How to Successfully Work from Home with Your Partner

7 min read
Freelancing, How To's, Reviews & Recommendations
By: Maddy Osman

This post is brought to you in partnership with National Business Furniture. Please note that I’ve included affiliate links for products I use, love, and recommend for problem-solving in your business.

Working from home certainly has its perks. Among the best include saving on gas and travel time, wearing sweatpants all day, and having the flexibility to start your workday whenever you work best.


Even if you’re not a freelancer, increasingly more companies are offering the option to telecommute — from once a week, up to every day. According to Census Bureau data, 40% more US employers now offer the option to work from home compared to five years ago. On that note, the telecommuter population grew 11.7% last year, the largest year-to-year growth for this statistic since 2008.

Additionally, there are at least 4.3 million people who work from home at least half the time. The Bureau of Labor Statistics states that at least 1.4 million businesses are run by a husband and wife team. Knowing both of these things, it seems fair to assume that there are many couples who work from home, together.

Most couples who have enjoyed long marriages agree that the key to a happy marriage is to give each other space. It’s important to maintain an independent sense of self and have your own thing going on, so that you have something to talk about with your spouse when you’re together.

So, if you live together and work from home in the same space, how do you maintain your independence and keep from getting sick of each other? How do you make sure that your workday activities don’t get in the way of your partner’s ability to do their own work from home?

Here are some tips that have helped me and my fiancee strike a winning balance in terms of learning how to successfully work from home together:

#1: Don’t Assume, Communicate

Just because you and your partner both work in the same space doesn’t necessarily mean that you have the same work style.

So if you work best with music blasting, this might mean putting on some headphones if your partner seems agitated whenever you launch Spotify. At any rate, instead of just assuming that what you’re doing is 100% ok with the person you share space with, it never hurts to directly ask. Furthermore, by keeping the other person in mind with anything you during the workday, you’ll reduce the potential for arguments.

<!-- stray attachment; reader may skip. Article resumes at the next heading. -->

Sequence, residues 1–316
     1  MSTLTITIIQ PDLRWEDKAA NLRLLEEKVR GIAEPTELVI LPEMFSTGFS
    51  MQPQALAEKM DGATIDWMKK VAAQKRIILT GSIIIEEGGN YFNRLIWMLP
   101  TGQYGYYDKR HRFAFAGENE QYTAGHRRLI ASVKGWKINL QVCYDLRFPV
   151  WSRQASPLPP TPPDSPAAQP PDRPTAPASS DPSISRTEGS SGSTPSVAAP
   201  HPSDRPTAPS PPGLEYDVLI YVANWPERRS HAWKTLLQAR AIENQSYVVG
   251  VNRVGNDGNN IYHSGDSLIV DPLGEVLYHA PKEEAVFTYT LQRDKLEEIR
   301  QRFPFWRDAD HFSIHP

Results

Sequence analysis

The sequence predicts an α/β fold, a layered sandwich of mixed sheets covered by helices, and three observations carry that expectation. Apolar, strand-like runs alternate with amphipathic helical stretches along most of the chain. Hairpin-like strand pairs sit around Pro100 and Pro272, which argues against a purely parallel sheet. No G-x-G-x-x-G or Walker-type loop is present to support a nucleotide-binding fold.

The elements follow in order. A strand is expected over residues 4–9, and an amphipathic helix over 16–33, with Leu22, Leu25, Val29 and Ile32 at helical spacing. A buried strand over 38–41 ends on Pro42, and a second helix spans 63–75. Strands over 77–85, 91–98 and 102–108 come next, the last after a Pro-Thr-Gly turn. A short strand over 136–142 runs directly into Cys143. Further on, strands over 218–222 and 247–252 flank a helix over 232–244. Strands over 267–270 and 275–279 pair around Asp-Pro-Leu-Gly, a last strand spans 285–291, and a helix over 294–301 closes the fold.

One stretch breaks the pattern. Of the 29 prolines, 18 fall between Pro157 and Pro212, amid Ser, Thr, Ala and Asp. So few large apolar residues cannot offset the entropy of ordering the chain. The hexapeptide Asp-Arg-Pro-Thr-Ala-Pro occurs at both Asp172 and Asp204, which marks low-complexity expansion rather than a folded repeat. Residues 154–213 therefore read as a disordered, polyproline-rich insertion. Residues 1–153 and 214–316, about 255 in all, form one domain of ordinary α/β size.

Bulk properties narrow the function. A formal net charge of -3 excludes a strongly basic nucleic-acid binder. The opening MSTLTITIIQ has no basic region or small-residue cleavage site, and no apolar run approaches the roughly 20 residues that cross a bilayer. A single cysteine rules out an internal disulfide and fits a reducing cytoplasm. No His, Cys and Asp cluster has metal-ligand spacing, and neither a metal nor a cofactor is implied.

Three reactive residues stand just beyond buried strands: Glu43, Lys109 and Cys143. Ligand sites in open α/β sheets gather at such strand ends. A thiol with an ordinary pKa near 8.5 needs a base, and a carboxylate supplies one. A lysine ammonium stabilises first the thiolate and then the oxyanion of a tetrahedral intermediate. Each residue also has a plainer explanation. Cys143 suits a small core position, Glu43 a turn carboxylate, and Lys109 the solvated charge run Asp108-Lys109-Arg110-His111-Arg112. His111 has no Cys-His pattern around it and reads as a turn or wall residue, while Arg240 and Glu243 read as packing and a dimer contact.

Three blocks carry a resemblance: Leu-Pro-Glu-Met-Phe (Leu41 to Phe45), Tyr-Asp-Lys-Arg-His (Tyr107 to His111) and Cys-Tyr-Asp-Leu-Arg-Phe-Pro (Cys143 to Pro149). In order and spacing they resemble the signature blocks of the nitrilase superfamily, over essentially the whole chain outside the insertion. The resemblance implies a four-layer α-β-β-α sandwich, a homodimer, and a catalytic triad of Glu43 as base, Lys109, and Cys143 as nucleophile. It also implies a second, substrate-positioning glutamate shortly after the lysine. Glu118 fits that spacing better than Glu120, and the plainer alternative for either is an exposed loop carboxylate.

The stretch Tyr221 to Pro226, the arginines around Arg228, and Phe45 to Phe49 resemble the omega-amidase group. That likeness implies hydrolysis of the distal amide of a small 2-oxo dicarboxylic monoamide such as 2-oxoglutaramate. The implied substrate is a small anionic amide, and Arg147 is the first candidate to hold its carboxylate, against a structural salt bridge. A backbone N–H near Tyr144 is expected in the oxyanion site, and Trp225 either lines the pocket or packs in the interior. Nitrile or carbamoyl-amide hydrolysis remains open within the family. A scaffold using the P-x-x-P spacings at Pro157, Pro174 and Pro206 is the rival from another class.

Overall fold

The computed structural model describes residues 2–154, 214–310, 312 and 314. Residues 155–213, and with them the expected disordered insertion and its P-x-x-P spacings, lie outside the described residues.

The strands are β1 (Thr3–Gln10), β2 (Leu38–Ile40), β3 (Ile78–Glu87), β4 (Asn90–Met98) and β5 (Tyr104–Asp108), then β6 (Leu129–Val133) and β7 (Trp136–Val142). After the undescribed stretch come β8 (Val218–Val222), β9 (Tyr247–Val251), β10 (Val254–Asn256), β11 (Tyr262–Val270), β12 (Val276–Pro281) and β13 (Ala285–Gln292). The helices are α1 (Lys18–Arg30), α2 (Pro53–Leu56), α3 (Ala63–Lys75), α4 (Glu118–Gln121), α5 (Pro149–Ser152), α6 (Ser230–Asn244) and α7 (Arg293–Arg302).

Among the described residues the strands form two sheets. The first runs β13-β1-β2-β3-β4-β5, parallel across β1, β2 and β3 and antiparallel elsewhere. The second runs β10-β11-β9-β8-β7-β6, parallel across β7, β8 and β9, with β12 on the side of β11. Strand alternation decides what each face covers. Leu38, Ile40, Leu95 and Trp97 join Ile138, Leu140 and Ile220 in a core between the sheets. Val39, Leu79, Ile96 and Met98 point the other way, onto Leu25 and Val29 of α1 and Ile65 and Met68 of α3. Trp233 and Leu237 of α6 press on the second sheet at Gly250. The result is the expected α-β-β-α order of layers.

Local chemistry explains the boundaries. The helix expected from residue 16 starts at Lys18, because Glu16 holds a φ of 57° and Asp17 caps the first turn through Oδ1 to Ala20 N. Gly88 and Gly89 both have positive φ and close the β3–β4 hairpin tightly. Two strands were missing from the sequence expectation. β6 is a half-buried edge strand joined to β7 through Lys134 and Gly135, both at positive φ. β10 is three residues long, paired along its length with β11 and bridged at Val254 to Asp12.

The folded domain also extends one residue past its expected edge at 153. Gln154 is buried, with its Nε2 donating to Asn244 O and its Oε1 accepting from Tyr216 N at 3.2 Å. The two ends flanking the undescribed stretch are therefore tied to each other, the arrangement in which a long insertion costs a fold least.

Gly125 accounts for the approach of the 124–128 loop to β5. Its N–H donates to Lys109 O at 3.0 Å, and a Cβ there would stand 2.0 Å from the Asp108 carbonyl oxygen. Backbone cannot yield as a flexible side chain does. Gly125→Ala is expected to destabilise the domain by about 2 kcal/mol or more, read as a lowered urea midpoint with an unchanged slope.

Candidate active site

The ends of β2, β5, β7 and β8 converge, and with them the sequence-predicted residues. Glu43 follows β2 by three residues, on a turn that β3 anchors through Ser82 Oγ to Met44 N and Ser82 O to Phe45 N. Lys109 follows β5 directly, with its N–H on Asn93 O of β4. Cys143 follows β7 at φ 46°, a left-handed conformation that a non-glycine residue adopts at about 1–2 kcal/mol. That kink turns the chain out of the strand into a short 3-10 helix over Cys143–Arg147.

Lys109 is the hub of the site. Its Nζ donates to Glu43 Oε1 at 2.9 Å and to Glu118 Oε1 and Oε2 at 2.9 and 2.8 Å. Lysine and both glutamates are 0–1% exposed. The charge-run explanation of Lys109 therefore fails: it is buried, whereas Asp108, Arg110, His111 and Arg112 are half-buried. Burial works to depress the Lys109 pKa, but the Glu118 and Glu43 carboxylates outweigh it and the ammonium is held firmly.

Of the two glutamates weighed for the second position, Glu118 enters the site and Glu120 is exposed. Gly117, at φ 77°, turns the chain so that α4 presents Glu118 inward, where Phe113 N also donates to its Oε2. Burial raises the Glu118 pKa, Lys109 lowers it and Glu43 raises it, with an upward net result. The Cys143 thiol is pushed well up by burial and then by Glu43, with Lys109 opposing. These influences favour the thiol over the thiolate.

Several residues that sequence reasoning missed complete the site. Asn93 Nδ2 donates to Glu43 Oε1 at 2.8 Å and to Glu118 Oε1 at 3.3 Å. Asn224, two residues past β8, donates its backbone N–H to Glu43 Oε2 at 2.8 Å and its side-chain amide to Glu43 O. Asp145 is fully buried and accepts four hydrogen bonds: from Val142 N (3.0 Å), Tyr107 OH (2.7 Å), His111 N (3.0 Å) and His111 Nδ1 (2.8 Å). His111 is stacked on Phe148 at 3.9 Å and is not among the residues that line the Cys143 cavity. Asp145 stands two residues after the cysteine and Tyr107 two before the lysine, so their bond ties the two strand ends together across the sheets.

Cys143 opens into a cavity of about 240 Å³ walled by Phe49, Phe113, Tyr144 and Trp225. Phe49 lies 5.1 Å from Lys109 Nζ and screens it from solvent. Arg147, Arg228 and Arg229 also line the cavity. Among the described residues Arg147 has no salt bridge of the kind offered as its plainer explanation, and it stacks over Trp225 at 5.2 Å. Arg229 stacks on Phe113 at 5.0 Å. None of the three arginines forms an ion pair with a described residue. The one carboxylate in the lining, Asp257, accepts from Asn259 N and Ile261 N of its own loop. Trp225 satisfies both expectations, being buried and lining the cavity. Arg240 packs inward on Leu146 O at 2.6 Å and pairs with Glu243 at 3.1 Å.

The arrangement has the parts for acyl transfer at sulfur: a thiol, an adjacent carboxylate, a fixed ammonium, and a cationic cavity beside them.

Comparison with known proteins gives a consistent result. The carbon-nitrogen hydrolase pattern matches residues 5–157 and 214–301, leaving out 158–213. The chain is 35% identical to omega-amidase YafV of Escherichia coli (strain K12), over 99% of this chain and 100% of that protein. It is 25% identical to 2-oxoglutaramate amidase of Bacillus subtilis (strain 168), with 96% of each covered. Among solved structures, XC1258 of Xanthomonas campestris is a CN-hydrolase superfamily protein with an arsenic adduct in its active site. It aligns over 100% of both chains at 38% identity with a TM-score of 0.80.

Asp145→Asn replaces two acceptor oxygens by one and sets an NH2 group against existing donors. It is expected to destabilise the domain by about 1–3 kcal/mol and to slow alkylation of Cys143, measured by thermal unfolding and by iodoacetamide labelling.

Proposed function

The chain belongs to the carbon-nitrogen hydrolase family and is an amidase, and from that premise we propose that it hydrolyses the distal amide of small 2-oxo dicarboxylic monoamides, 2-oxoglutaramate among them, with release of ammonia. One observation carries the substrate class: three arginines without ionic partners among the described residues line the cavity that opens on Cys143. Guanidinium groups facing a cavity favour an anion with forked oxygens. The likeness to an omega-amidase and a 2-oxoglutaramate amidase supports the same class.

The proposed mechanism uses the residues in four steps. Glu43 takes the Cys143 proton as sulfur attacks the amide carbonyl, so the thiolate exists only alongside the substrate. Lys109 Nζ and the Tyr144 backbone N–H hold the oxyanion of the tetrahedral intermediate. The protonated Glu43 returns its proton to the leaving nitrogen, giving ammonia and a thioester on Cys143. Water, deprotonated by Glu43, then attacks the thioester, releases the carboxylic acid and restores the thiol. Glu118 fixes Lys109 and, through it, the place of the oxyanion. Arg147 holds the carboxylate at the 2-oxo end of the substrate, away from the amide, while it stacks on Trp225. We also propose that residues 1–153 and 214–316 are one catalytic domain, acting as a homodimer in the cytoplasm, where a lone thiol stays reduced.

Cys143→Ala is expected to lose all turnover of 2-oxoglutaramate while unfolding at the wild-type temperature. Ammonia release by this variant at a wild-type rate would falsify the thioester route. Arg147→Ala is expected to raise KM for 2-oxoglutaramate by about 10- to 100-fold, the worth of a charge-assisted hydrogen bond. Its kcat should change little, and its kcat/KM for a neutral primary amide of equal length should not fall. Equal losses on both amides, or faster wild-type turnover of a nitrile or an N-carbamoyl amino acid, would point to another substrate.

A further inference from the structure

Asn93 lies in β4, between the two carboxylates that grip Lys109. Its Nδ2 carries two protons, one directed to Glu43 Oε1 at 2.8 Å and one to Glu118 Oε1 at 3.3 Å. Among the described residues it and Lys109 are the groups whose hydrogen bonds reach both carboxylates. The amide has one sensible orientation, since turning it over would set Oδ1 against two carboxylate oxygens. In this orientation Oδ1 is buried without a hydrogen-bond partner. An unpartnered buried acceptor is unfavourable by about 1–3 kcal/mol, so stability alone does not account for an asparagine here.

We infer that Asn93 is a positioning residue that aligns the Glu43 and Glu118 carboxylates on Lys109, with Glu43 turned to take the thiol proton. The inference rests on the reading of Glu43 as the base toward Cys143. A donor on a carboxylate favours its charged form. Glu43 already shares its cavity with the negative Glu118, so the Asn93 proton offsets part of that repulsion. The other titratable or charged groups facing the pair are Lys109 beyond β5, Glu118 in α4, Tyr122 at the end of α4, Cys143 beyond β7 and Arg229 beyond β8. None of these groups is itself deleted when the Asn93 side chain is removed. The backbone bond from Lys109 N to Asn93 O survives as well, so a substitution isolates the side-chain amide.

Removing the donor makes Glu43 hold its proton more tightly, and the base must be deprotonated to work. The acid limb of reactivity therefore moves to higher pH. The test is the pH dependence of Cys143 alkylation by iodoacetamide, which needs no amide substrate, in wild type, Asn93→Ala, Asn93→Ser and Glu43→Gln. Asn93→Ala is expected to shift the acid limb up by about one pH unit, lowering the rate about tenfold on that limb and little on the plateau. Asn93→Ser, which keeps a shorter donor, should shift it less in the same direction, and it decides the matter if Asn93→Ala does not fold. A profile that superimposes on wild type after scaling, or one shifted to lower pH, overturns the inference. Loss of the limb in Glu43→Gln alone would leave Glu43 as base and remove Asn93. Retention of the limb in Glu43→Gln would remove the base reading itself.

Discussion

While you’re in the mindset to improve workday communication between you and your partner, you’ll want to get specific with regards to what the ideal work/life balance looks like for both of you.

Resentment can occur if one person has workaholic tendencies that cut into the time you spend together outside of work. The same can be said about one person having more flexibility than the other to work during whatever times they work best (instead of a strict 9-5 schedule).

According to Rachel Dresdale of The Confused Millennial, who works from home with her partner, “Getting on the same page about your working habits is crucial for growing together.”

#2: Have your Own Dedicated Work Tools

This is important! Nothing is more frustrating than needing to do something urgent but having to share a cluttered desktop with your partner, who has a more pressing deadline. For both your sanities, have your own computers/laptops, chargers, phones, and any other tools you need to do your job on a regular basis.

Ideally, you’ll also each have your own desks. If you can, try to get standing desks, as these are perfect for constantly keeping you on your feet. Sitting for long periods of time without standing up for breaks is said to be the new smoking.

Thanks to this partnership with National Business Furniture, I recently redid my workspace centered around a better desk and I’ve never been more productive!

#3: Work from Different Rooms

In addition to having your own tools, it’s also essential to have your own dedicated workspace when working from home with your partner.

The execution of this will very much depend on your living space.